For best experience please turn on javascript and use a modern browser!
You are using a browser that is no longer supported by Microsoft. Please upgrade your browser. The site may not present itself correctly if you continue browsing.

The English Department’s Dr Emelia Quinn has published a new book exploring the relation between veganism and English Literature, Reading Veganism: The Monstrous Vegan, 1818 to Present. In the process, Dr Quinn proposes a new field, “vegan theory,” which draws together insights from queer theory, animal studies, ecocriticism and postcolonial studies.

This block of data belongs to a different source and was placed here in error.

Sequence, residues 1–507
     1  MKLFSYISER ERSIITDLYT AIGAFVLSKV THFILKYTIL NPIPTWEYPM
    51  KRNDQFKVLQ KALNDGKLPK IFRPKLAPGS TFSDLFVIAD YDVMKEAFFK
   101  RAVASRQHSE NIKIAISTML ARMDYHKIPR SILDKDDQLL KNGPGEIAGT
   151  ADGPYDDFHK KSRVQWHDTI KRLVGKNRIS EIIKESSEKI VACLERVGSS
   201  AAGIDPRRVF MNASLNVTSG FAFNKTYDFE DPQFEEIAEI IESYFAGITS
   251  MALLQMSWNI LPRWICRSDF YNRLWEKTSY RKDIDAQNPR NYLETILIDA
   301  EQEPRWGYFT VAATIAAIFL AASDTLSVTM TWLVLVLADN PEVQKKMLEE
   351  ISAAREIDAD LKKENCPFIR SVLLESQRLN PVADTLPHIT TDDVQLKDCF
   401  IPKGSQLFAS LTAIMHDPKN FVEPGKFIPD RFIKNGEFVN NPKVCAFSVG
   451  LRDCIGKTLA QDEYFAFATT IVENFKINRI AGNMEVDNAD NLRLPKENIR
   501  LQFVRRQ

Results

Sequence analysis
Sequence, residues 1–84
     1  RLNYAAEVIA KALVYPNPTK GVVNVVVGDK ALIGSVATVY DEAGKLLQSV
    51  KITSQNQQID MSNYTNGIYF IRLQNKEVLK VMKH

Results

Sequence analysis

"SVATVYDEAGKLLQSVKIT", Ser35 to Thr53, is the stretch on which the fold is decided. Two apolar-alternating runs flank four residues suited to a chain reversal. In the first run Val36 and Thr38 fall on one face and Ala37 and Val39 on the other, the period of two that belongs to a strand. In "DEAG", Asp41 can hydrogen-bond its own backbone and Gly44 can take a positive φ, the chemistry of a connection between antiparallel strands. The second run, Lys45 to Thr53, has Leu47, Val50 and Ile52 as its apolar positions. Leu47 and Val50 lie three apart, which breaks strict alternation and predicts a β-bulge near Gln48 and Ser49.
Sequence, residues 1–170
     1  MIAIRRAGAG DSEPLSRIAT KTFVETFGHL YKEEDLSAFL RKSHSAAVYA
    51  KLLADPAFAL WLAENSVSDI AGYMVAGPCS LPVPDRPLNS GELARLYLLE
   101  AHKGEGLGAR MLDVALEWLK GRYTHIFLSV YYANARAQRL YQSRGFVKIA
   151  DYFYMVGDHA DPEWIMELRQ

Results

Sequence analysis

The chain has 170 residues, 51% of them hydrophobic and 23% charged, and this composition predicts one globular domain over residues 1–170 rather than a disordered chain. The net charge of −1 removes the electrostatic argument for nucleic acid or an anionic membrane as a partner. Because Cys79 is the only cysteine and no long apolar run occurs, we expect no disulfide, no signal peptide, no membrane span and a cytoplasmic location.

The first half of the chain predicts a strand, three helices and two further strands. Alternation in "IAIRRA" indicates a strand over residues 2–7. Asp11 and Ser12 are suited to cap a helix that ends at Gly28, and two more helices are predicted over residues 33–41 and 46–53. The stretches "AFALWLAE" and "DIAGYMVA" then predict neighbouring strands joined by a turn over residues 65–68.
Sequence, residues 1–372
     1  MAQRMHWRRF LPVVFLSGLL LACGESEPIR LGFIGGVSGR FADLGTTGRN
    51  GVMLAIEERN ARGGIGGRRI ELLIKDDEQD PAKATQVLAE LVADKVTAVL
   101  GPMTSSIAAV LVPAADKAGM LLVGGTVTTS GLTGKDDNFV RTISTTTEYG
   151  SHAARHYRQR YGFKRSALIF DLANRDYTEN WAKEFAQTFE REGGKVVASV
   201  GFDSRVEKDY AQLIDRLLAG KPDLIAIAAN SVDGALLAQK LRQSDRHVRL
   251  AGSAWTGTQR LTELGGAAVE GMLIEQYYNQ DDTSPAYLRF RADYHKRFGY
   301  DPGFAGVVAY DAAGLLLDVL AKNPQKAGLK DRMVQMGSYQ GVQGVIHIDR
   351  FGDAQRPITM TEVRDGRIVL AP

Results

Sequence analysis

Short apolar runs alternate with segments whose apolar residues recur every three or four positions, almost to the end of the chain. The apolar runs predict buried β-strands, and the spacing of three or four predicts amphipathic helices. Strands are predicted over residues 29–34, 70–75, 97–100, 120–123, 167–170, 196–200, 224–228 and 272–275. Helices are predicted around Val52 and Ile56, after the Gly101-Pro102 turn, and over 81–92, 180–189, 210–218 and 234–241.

The book’s identification of the figure of “the monstrous vegan” challenges traditional associations of veganism with positivity, health and purity, by pointing to those literary figures since the Romantic period whose veganism has challenged the boundaries of the human. Such figures are often intimately connected to acts of writing.   

Ranging from Mary Shelley’s Frankenstein to J.M. Coetzee and Alan Hollinghurst, the book uses a broad historical and theoretical corpus to challenge the way we think about literature, but also about our own relationship to animals, food and forms of ethical behaviour. Reading Veganism is published by Oxford University Press and is available in hardback and as an ebook.

Order online